Asked for a cigar and soon

Passed from one life to the next.

 

Bio: Arthur Turfa lives in the South Carolina Midlands, but his poetry contains influences of his native Pennsylvania, California, Germany (where he has also lived), as well as other places. His first book of poetry. “Times and Places, Reflected”, will be released in the Spring of 2015 by eLectio Publishing.   Published in theMunyori Literary Journal and South Carolina English Teacher, he also maintains a personal blog, Some Poetry at aturfa.blogspot.com, and is an Owner at Words on Fire on Google+

Poetic Statement: Essentially I think Wordsworth had it right, although I do not always find long-lasting tranquility. Something or someone grabs a hold of me, and lingers until I recapture the moment, the glimpse, or the time from my life. My poetry attempts to include the reader into what I experienced, rather than telling the reader all about it or me. At times I strive for a sense of closure, at others I want to preserve something (more as a Symbolist than an Imagist). Whom do I read; Eliot, Auden, Rilke (in the original), Frost, Updike, Shakespeare, Bukowski, and others.Language that sings is more important that language that rhymes.

Two Poems by Vimeesh Maniyur

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Two Poems

by

Vimeesh Maniyur

Lip

Long back

He was called for making Thajmahal

A good, dirty man with talents

He Went.

One day he saw the Emperor

Heard an unknown toungue

May be he was the first in kerala

Who heard that…

It is stone not a white sun

There were no friends

In work they spoke one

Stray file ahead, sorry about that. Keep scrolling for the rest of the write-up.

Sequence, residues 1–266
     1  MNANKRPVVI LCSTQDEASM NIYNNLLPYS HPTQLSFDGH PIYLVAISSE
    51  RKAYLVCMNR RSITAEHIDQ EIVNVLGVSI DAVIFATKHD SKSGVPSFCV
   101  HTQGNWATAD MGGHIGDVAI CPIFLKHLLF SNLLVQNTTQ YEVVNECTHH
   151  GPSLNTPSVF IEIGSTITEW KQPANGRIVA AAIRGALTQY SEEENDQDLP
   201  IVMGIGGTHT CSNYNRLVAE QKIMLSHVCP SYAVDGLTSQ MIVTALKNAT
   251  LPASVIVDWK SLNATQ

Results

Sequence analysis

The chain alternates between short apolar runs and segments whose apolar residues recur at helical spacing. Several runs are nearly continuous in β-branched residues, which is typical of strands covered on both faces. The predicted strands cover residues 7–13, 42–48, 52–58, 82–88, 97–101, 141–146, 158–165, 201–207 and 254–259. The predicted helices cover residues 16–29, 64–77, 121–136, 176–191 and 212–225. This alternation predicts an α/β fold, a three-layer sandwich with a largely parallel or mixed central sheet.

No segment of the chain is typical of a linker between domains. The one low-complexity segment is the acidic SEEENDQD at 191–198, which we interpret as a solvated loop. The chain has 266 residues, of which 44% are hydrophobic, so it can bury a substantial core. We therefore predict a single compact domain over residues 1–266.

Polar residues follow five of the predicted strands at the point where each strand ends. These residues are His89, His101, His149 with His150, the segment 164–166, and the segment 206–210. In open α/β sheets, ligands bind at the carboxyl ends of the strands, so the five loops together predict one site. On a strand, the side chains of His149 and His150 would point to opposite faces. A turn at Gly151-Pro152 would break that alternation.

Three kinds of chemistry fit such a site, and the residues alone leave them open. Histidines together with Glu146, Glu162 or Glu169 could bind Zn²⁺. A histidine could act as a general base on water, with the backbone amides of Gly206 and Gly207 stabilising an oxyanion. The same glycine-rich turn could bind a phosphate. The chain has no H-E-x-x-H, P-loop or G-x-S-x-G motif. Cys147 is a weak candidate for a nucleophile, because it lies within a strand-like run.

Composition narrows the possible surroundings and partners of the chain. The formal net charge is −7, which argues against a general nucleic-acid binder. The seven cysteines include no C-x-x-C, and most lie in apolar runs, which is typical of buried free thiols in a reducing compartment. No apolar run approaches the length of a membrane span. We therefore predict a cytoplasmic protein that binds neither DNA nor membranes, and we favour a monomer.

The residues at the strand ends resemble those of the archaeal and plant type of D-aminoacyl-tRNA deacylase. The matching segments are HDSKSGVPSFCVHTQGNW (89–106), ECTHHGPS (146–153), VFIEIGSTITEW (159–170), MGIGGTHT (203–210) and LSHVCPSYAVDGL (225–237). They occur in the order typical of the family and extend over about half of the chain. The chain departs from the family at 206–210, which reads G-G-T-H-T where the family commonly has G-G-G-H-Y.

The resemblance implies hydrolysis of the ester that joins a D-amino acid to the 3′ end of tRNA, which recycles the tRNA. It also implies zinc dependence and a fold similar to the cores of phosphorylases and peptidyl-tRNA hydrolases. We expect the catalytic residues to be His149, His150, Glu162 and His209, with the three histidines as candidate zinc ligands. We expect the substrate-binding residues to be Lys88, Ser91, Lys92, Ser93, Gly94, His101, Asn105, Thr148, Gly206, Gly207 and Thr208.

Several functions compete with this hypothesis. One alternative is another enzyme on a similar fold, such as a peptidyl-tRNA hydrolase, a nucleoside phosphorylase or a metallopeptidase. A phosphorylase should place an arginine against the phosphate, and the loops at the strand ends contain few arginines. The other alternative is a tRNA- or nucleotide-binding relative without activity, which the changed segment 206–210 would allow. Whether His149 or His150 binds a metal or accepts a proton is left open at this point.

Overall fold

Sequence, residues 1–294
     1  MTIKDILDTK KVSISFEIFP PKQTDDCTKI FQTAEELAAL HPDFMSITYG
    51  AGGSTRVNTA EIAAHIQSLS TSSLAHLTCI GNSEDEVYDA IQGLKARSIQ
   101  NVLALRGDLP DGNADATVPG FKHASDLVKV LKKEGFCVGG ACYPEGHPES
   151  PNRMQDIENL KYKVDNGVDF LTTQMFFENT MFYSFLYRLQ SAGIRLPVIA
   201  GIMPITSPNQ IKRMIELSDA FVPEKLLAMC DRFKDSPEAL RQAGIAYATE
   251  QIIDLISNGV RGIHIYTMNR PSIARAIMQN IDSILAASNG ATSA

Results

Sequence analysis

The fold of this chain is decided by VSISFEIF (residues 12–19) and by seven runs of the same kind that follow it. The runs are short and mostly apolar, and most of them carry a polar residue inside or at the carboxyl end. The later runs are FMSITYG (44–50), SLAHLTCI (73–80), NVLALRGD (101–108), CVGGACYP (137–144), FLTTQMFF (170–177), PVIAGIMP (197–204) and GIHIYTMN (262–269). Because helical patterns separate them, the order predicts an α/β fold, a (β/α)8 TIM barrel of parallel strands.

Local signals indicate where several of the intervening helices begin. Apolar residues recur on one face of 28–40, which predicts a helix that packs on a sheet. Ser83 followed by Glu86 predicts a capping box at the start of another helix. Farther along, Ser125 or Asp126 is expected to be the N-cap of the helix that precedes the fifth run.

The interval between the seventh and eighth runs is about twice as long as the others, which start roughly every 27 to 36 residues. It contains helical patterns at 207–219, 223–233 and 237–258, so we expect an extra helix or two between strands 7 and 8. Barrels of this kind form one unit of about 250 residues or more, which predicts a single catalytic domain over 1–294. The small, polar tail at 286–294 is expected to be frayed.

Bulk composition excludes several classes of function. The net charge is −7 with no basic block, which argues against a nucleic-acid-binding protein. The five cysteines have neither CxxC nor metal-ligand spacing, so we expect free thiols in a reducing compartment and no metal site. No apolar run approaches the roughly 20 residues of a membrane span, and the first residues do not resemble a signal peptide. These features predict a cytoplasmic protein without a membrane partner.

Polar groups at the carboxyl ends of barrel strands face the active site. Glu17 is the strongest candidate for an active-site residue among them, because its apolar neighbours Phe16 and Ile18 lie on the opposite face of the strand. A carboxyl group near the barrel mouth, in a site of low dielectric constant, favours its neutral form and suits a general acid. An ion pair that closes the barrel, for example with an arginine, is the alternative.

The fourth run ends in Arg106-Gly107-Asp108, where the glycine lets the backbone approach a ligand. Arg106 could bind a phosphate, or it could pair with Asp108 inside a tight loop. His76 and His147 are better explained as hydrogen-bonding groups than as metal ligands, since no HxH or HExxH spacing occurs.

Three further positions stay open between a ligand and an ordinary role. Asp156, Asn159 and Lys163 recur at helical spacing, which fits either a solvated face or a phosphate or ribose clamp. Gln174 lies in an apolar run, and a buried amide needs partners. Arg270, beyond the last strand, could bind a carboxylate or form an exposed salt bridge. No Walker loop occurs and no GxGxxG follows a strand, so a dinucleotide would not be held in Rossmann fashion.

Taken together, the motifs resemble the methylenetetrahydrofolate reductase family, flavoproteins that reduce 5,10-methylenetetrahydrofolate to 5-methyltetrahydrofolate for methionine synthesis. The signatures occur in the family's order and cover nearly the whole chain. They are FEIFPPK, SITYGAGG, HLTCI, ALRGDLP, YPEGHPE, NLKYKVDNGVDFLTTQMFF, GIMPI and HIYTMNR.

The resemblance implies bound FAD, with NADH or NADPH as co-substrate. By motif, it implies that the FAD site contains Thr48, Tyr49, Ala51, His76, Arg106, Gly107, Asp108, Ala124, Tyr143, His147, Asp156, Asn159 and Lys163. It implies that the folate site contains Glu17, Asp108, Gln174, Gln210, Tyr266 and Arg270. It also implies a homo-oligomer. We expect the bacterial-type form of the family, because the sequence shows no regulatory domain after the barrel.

They were one lettered humans

kept stone  like his letters

That day he spoke to the king

In dream… in his stone realm..

The man of palaces didnt get his stone-lip

Beheaded that kingdom

Never cameback.

Saw his rustic speech in its silence

True, It is fear not whiteness

The white geometry

As always

I looked into my android

There came a white geometry

 

Here and there roads

Here and there malls

Here and there talkies,

Hospitals, banks, A T M,

Railway station, hotels, pubs,

Café, bars, bus stand…..

Nothing but a white – haunted piece

Of barren world.

Where is this one, the road?

Hospital? Schools? army camp? Small teashops?

Loitering goats and many more….

Are they too big to map?

 

I looked again

Where I am?

 

Bio:  is an established bi-lingual poet, novelist and translator from kerala, in India. He has two volumes of poetry and a children’s novel in his credit. He has also penned stories and dramas. He has bagged for many prestigious awards such as Culcutta Malayali Samajam Endownment, Madras Kerala Samajam, Muttathu Varkki Katha Puraskaram etc. for young writers in kerala.

Song Texts by Cécile Félix

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Song Texts

by

Cécile Félix

Numb

dive into my iris
arises the numb disease
let it fall in space
on time
words
shewed swords
only what she learned and not what she feels-
let her fall- let her fall-
in
love
in
what
where
when we came for/from
and now it arises

Eva

it is right it is wrong
it is black it is white
it is here, now it’s gone
it is right, it is right

it’s ugly and it shows
is it bad?
now it moves me!
it is all so close
it is melancholy for joy

and it’s fast
slow
down
to earth
up to the skies to the skies
Oh!Oh OhOh…

pinguin people

I wish I was pure
So I’m spoiled
I wish I was queen
wish I was, wish I was
I
am
co
rrupted
I am?

I wish I was lovely
and I only pretend
I wish I was lovely Oh Oh!
Here I am
I wish I had never cheated on you
If only in my dreams, If only in my dreams
I wish I had never cheated on you
If only, if only, Oh my! if only I!
Wish I was a child I could cry I could cry
I Wish I was a child

 

Bio: Name is Cécile Félix- I play and write my own songs under the Name BoB.
Was born in Bordeaux, France in 66.
Live in Hamburg, Germany since 1995.

I’ve been playing in a few bands before I started my solo project, with names like Spunge Paper, kill the Body and the head will die, les idiots.